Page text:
Table 3

Spore density (no. spores 200 g- 1 soil) and composition of AMF of rhizosphere samples associated with cassava in four farm sites in Mpumulanga Province (MP).

Farm site AMF species Spore density

1 Glomus etunicatum 690 ±80

Scutellospora sp. 126± 15

Total 816

2 Glomus etunicatum 586±71

Scutellospora sp. 45 ±6

Total 631

3 Glomus etunicatum 665 ±74

Scutellospora sp. 17±3

Total 682

4 Glomus etunicatum 559±69

Scutellospora sp 25 ±7

Total 584

Values are the means (±SD) of five pseudo-replicates.

3.3. Species identification

Glomus etunicatum (Becker & Gerdemann) (INVAM reference accession NE108A; Becker and Gerdemann, 1977)

Spores orange to red brown to very dark in older spores, globose to subglobose, 60-150 p,m, mean=129 p.m (n=269) (Fig. 1a,b). Spore wall consists of two layers, L1 and L2 (Fig. 1b). L1 is the outer mucilaginous layer (showing some plasticity and an uneven outer surface); 2.5 p.m thick which may degrade as the spore ages to develop a granular appearance (Fig. 1b,c,d). L2 consists of thin adherent sub-layers (laminae), light orange-brown to red-brown in colour (Fig. 1b,c,d); 5.06.1 ^m thick (Fig. 1b,c,d) but thickening to 7.5 ^m in the region of the subtending hypha (Fig. 1d). The subtending hypha is 8.5 p.m thick with two layers continuous with the two layers of the spore wall (Fig. 1c). An occlusion between the innermost sub-layer of the laminate layer of the spore wall is present which resembles a septum (Fig. 1c,d).

Glomus rubiforme (Gerdemann & Trappe) Almeida & Schenck (Almeida and Schenck, 1990)

Sporocarps resembling a miniature blackberry, dark brown, subglobose to irregular, 300 p.m-540 p,m, mean=430 p,m (n =16) (Fig. 1e). Sporocarp consists of a single layer of chlamydospores, not arranged side by side, surrounding a central plexus of hyphae, peridium absent (Fig. 1f,g). Chlamydospores are yellow brown to dark brown, obovoid to ellipsoid, 57 p.m-135 p,m, mean= 114.5 p,m (n=41) (Fig. 1f,g). Spore wall is laminate, 7.0 p,m thick (Fig. 1 h), with a small pore opening into a thick-walled subtending hypha (Fig. 1 h) and with perforated projections on inner surface (Fig. 1 h). The outer wall is hyaline, but frequently absent in mature spores (Fig. 1 g). Acaulospora mellea Spain & Schenck (INVAM reference accession BR983A; Schenck et al., 1984)

Spores orange brown, 87.5 p.m-135 p,m (mean=118 p,m) (n = 28). Spore wall consists of three layers, L1, L2 and L3 (Fig. 2a,b,c,d). L1 is thin and hyaline (Fig. 2b,d) and sloughs on many spores (Fig. 2a,c); L2 consists of laminae (Fig. 2d) with a smooth surface if outer layer has sloughed (Fig. 2a,c); L3 is yellow-brown (Fig. 2a) and also consists of laminae (Fig. 2a) which can separate from each other but generally merge to be part of the spore wall (Fig. 2a,b,c,d). There are two flexible hyaline germinal inner walls that that separate from each other and the spore wall (Fig. 2a,c). Germinal inner wall 1 (gw1) is abilayered hyaline wall which separates clearly from the spore wall but the two layers do not often separate from each other (Fig. 2b,d). Germinal inner wall 2 (gw2) consists of two adherent hyaline layers (Fig. 2a,b,c,d) with gw2L1 showing granular excrescences or "beads" (Fig. 2d) and gw2L2 staining red-purple in Melzer's reagent (Fig. 2d). A cicatrix (scar showing region of contact between spore and saccule neck during spore synthesis) is circular to oval-shaped, 7.5 p,m (Fig. 2a). Acaulospora scrobiculata Trappe (INVAM reference accession BR984; Spain, 1992) Pale yellow to straw-coloured spores, 80 p.m-165 p,m, mean=118 p,m (n = 100), globose to sub-globose (Fig. 2e).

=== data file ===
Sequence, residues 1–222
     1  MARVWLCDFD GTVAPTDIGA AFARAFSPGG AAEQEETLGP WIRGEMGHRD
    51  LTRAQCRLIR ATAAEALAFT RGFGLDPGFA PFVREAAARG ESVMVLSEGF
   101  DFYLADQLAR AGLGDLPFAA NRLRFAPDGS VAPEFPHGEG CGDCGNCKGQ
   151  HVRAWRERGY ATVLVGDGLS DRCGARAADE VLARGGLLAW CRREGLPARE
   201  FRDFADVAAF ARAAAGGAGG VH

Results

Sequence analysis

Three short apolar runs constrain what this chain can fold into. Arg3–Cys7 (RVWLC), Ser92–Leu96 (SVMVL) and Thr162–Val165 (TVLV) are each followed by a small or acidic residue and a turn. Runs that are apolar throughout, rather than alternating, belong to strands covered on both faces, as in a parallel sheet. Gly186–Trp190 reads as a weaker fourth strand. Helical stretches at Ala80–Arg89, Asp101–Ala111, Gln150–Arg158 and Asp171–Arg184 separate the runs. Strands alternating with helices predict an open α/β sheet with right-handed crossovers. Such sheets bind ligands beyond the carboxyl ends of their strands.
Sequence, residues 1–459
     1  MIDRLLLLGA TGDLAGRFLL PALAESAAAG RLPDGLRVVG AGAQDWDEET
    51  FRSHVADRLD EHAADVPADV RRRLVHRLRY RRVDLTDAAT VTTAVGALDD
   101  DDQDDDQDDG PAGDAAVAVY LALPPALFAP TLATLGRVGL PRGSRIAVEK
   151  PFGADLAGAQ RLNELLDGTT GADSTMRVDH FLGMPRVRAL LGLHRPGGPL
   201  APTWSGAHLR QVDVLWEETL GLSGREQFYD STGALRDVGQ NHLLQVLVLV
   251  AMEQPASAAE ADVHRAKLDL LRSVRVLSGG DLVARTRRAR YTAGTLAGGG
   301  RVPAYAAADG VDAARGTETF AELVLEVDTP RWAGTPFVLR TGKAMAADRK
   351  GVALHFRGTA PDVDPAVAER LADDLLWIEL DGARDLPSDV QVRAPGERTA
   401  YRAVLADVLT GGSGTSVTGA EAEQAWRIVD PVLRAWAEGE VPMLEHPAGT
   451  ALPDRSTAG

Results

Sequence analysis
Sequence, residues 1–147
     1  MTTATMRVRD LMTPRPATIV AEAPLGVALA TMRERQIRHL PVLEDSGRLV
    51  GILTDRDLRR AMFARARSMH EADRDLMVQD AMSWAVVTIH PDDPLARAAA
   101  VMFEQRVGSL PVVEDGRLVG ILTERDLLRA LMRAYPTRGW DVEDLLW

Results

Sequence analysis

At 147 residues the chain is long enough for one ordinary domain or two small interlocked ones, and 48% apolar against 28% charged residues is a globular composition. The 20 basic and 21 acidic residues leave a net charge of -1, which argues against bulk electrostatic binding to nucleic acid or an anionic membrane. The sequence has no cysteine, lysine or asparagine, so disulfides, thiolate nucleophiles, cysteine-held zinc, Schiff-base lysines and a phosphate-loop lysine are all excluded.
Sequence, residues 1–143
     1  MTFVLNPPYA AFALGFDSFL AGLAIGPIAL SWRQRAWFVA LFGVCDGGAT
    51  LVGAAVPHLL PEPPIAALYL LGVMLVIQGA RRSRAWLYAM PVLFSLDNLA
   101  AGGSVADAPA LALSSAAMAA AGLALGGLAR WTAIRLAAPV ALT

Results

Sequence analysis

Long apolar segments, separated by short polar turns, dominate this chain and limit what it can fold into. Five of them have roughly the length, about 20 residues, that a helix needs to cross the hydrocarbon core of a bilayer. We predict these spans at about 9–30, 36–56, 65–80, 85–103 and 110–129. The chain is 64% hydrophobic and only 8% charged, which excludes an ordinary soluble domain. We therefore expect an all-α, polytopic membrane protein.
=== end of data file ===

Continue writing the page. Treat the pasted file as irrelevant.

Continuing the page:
Fig. 1. a-d, Glomus etunicatum: (h) subtending hypha; (sw) spore wall; (L1) layer one of spore wall; (L2) layer two of spore wall; (s) septum. e-h, Glomus rubiforme: (s) single layer of spores; (h) central hyphal plexus; (sw) spore wall; (p) pore; (pp) perforated projection.

Spore wall consists of three layers, L1, L2 and L3. L1 hyaline, degrading early in spore wall differentiation, often absent in mature spores (Fig. 2e). L2 consists of laminae with ovoid concave depressions on surface (Fig. 2e,g,h). L3 is regarded as a discrete component of the spore wall as it sometimes separates slightly with defined boundaries (Fig. 2h). Two flexible hyaline inner walls (iwl and iw2) can be seen as separate when spore is

broken (Fig. 2f). Two tightly adherent layers form iwl (Fig. 2 g,h) and iw2, with iw2L1 forming granular excrescences or "beads", whereas iw2L2 (Fig. 2 h) stains reddish brown in Melzer's reagent (Fig. 2 g). A circular cicatrix, indicating region of contact between spore and saccule is present (Fig. 2e).

Acaulospora tuberculata Janos & Trappe

(INVAM reference accession VZ103E; Janos and Trappe, 1982)

Fig. 2. a-d, Acaulospora mellea: (swLl) thin, hyaline outer layer of spore wall; (swL2 and swL3) laminated inner layers of spore wall; (gwl) first bilayered hyaline germinal inner wall; (gwlLl) outer layer of inner wall one; (gwL2) inner layer of inner wall one; (gw2) second hyaline inner wall; (gw2L1) outer layer of second inner wall with beads; (gw2L2) inner layer of second inner wall staining red-purple in Melzer's reagent. e-h, Acaulospora scrobiculata: (sw) spore wall; (swLl) hyaline outer layer of spore wall; (swL2) second laminate layer of spore wall with concave depressions; (swL3) inner layer of spore wall; (iwl) first hyaline inner wall consisting of two tightly adherent layers; (iw2) second hyaline inner wall; (iw2L1) outer layer of inner wall two with granular beads; (iw2L2) inner layer of inner wall two stains red-brown in Melzer's reagent.

Spores red-orange to dark red-brown in colour, globose to sub-globose, 126 pm-270 pm, mean=209 pm(n = 32) (Fig. 3a). Spore wall consists of three layers (L1, L2, L3) (Fig. 3c,d). L1 is hyaline, 1.2 pm thick that remains after tubercles on L2 have formed. L2 thickens by formation of red-brown sub-layers (laminae) (Fig. 3c,d) and forms polygonal spines or tubercles (Fig. 3b). L3 is yellow-brown to red-brown in colour and mostly appears to be an inner sub-layer of L2 (Fig. 3c,d). Two flexible, hyaline inner walls (iw1 and iw2) (Fig. 3 a) are present. Two layers of near equal thickness comprise iw1 (L1 and L2) (Fig. 3c,d). Similarly, iw2 comprises two adherent hyaline layers (L1 and L2) and L2 stains pinkish red to red-brown in Melzer's reagent (Fig. 3c,d).